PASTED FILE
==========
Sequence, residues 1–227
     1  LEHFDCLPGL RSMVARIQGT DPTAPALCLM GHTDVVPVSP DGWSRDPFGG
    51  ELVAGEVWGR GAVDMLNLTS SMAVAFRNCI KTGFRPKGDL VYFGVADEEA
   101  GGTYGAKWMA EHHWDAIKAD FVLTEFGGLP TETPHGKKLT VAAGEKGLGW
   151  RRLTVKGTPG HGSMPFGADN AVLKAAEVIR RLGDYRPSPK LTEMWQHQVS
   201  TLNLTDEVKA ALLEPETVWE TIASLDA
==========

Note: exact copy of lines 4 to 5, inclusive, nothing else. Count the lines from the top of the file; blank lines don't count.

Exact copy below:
   101  GGTYGAKWMA EHHWDAIKAD FVLTEFGGLP TETPHGKKLT VAAGEKGLGW
   151  RRLTVKGTPG HGSMPFGADN AVLKAAEVIR RLGDYRPSPK LTEMWQHQVS